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Errol Flynn & Olivia de Havilland

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Article 5

Errol Flynn Restores Law and Order to 'Dodge City,' the Wild and Woolly Horse Opera at the Strand

by Frank S. Nugent

New York Times April 8, 1939, page 19

Nothing much happens in "Dodge City," the Kansan pastoral presented at the Strand yesterday.  Just a shooting scrape, a cattle stampede, a murder, a couple of street fights, another murder, a barroom brawl, a runaway, a few more street fights, another murder, a lynch mob's attach on a jail, a fight in a burning caboose and a few dull things like that.  Errol Flynn skips through the debris as the frontier marshal out to restore law and order; and Olivia de Havilland is as pretty as ever -- prettier in fact, since she is in Technicolor -- as the miss who pretends to despise him for having shot her brother.

It's curious, in a way, how unexciting most of it manages to be -- except to the youngsters who chortle and cheer.  Possibly it's because one street fight looks much like another, because three men being tossed through windows are no more diverting than one would have been, because we have seen hard-headed extras tear the Gay Lady Saloon apart so many times before.  Or possibly it is because suspense is an important element of drama and there can be no suspense when the hero is as invulnerable as Mr. Flynn's Wade Hatton appears to be.  Jeff Surrett and his gang obviously were beaten from the start.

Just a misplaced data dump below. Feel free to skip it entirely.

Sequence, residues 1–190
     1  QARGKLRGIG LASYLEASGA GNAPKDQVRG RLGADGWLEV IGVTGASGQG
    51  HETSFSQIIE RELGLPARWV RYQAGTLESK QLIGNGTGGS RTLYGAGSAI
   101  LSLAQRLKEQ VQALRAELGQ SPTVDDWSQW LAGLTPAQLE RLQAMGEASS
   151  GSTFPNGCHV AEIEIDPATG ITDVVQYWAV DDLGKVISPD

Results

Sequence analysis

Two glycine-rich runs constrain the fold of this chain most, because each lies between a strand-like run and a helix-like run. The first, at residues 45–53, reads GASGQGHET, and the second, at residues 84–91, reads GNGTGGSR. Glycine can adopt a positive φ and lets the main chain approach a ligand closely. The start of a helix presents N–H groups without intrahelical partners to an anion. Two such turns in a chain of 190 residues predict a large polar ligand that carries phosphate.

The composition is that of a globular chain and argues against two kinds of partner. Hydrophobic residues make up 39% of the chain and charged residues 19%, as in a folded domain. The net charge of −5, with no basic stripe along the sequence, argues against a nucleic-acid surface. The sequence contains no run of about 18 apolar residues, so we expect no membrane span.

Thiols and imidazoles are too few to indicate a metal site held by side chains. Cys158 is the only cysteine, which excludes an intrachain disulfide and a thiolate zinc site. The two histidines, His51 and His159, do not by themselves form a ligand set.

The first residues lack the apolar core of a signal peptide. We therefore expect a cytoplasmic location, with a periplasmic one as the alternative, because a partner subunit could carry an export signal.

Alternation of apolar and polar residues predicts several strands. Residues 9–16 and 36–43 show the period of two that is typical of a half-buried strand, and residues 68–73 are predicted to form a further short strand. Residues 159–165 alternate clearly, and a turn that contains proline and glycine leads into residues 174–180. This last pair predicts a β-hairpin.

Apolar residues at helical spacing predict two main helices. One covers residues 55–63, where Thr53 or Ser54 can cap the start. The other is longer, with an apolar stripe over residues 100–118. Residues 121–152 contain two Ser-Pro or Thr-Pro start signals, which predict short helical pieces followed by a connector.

With or without his six-gun, Marshal Hatton is a match for any three of Surrett's backroom gang.  He stalks among them single-handed and comes away with the man they were going to lynch.  He doesn't waste lead: with bullets flying all around, he wades in with his bare knuckles and a confident smile.  Men are clubbed, slugged or plugged on all sides; the Marshal marches on.  The wonder of it all is that Surrett's villains lasted so long.  In their boots, we should have been headin' for the lone praireee [sic] while there still was time to decamp.

Michael Curtiz's direction has been flawless part by part, but as a whole, it has failed to fuse his film into anything approaching dramatic unity.  It has become merely an exciting thriller for the kiddies, or for grown folk with an appetite for the wild and woolly.  The color is unusually good in several sequences and has a washed-out look in others.  (At least no one can say now that Technicolor retards action.)  The supporting case, including Alan Hale, Bruce Cabot, Frank McHugh, Victor Jory and Guinn Williams, seemed competent enough.  Of course, it was hard to tell sometimes with all that gunsmoke and dust about.

1939 New York Times

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